COULD KING STREET BE THE NEW OLDHAM STREET?
You might think that Manchester’s planners would have learnt their lesson from what happened to Oldham Street. But across the city centre the same thing seems to be happening to King Street.
I wrote about this five years ago. Many shops are now empty. Some have fled to the Trafford Centre because of the recession, parking charges, unrealistic rents and sky-high business rates.
But also it seems to be part of a longer term trend of the immediate surrounding area, and indeed city centre as a whole, moving downmarket and becoming less cultural. It’s odd but even in the grim years of the 1980s there was a certain buzz and “classy” feeling about Manchester city centre. That seems to have gone.
Could King Street be the Oldham Street of 2025? With secondhand shops and dereliction?
UPDATE (28 April 2013)
This was the sad scene on 26 April. The top end of Oldham Street is closed off as they demolish the buildings that were damaged in the fire.
Sad unless you’re a property developer… In which case it could be a wet dream come true. Three old buildings obliterated and the chance to throw up another block of shoddy apartments.
Though, as Manchester’s most interesting and historic buildings continue to be neglected, reduced to rubble or damaged permanently by unsympathetic, trendy renovation, who will want to live in this city or visit in the future?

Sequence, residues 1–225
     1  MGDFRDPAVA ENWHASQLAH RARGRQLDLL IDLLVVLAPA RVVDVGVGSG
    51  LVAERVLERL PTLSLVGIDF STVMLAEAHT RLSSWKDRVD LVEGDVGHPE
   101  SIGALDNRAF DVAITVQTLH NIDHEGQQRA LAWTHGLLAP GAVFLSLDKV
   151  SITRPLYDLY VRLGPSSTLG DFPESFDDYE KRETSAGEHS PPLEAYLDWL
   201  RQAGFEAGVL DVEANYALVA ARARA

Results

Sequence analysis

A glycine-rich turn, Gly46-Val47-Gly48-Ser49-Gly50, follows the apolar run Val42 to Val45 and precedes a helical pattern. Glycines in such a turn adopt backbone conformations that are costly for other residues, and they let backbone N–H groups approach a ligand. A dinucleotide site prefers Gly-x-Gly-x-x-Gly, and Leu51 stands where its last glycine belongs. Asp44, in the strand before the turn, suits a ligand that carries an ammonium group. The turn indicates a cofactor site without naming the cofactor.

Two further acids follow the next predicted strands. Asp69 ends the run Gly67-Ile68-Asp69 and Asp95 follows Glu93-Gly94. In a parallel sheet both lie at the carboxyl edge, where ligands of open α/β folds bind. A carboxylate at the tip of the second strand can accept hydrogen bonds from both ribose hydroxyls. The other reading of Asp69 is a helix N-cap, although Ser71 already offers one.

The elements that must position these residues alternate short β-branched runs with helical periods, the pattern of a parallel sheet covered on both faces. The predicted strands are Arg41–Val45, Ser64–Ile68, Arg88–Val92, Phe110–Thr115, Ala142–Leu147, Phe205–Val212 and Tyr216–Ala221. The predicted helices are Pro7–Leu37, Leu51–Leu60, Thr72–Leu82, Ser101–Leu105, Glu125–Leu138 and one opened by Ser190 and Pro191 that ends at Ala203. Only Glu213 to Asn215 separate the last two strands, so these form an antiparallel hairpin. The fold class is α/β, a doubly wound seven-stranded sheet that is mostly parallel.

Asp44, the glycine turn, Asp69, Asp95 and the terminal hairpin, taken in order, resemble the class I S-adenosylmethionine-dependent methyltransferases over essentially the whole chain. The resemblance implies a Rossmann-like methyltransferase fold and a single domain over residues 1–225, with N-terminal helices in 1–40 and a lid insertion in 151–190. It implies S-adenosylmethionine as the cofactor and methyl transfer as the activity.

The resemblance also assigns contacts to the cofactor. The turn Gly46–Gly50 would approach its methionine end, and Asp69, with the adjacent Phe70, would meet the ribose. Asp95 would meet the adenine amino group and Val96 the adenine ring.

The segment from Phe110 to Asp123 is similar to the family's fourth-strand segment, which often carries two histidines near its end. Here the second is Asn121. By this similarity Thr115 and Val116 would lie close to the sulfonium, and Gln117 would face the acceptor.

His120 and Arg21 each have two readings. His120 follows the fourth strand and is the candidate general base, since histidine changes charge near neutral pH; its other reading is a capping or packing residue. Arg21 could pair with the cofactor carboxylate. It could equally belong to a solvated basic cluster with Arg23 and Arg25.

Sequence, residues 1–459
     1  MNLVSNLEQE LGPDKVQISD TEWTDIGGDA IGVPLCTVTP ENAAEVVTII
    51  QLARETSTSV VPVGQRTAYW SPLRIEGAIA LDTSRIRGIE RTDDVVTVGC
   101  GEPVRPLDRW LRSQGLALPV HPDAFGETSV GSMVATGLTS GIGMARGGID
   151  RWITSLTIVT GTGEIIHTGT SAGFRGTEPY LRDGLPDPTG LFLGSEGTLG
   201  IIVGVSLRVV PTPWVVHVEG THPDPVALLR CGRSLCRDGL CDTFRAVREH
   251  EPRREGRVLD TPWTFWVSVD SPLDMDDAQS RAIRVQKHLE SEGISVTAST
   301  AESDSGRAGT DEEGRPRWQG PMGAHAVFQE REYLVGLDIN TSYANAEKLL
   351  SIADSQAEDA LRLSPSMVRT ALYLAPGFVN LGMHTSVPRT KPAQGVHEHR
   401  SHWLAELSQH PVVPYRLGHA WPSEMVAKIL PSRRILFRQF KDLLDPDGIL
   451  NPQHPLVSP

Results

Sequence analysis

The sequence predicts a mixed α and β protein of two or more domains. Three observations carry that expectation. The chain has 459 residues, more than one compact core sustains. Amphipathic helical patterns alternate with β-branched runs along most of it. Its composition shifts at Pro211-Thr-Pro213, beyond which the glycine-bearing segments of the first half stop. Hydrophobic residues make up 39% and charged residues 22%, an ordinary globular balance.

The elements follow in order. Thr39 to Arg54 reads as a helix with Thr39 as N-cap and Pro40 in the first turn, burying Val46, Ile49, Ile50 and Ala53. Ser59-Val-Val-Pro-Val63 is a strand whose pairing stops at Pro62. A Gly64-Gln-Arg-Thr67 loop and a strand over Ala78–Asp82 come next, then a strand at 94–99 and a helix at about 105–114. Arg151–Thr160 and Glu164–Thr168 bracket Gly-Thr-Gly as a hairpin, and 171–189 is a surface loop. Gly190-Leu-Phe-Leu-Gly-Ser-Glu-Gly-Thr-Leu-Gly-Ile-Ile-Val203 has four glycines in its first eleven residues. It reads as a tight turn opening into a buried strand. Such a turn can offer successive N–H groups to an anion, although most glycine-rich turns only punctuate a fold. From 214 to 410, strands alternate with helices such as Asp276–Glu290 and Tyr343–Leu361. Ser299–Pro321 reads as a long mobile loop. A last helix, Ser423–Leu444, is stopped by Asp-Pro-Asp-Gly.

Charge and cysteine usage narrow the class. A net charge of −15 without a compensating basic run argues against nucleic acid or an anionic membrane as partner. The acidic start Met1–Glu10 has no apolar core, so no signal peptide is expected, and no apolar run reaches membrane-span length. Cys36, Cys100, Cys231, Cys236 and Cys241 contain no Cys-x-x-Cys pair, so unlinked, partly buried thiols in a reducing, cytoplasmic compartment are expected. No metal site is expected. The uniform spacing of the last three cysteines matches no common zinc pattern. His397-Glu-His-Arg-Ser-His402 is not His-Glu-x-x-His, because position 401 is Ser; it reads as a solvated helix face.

But I expect most people will just keep on shopping and voting Labour locally. After all, 40 years in power isn’t much time to get things right!
As is often the case, demolition gives us a glimpse into the history of the building. The comments on Flickr mention a front to back glass ceiling above a restaurant and ballroom. That’s what we seem to be able to see here.
Below: typical 1930s riveted box girders lie in a pile of rubble alongside the tangled remains of metal art-deco window frames.
I am the only Grandson of Mr Dobbin and last surviving family member
Yes it is sad but I was told the council were going to keep the Fasade
We used to live in Bury, manchester until 2006. I’ve not been back long enough to spend time walking past old haunts, and no doubt shaking our heads in disbelief at the rapid change that seemingly has occurred . Well, time to rectify all of this so visit is in the offing in the next few weeks’ time.
Its appalling as to what happened to this old building. Is there any chance of the facade being rebuilt and returned to its former,elegant, self?
I seem to remember it was a supermarket/general store in the mid 1980’s when I was a student or am I mistaken?
From June 1940, the Manchester branch of the Post and Telegraphic Censorship office was based in this building.
My grandmother was based there and wrote about being based in the basement on the roof as a fire watcher during the blitz – ready to put out any flames that threatened the building.
It’s eerie looking at the photo of it burning up the top, after recently looking at so many photos of Manchester burning in 1940.
It’s a pity grandma wasn’t there in 2013